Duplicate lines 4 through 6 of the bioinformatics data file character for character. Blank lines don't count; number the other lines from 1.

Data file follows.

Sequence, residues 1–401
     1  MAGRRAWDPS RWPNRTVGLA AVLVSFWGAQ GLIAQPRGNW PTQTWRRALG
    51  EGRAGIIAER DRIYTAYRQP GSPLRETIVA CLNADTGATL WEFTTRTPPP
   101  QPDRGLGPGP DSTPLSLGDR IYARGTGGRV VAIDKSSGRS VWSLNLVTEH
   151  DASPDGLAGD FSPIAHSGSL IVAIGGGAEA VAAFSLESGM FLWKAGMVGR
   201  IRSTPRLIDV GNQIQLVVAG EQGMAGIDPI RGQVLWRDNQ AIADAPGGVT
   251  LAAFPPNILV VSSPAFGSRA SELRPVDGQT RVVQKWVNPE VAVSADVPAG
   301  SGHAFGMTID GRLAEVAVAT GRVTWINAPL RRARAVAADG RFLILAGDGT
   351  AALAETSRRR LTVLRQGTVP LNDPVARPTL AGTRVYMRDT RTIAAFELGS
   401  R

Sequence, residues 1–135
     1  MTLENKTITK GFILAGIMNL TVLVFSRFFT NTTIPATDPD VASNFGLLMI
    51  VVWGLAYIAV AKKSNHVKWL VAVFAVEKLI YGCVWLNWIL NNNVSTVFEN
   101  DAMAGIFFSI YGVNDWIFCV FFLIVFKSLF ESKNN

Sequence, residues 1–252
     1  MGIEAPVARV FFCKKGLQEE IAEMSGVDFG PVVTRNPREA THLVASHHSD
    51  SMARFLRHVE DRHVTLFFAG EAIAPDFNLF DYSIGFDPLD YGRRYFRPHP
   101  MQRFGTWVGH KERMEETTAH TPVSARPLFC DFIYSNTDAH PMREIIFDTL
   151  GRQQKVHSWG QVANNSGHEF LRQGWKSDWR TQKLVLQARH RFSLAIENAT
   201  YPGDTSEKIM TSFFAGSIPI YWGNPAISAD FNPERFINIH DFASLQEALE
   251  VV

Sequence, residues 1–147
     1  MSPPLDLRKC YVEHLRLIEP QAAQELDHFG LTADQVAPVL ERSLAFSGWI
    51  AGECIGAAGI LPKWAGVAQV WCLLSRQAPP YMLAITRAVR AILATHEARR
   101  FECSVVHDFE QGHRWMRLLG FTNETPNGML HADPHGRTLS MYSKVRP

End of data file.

   101  QPDRGLGPGP DSTPLSLGDR IYARGTGGRV VAIDKSSGRS VWSLNLVTEH
   151  DASPDGLAGD FSPIAHSGSL IVAIGGGAEA VAAFSLESGM FLWKAGMVGR
   201  IRSTPRLIDV GNQIQLVVAG EQGMAGIDPI RGQVLWRDNQ AIADAPGGVT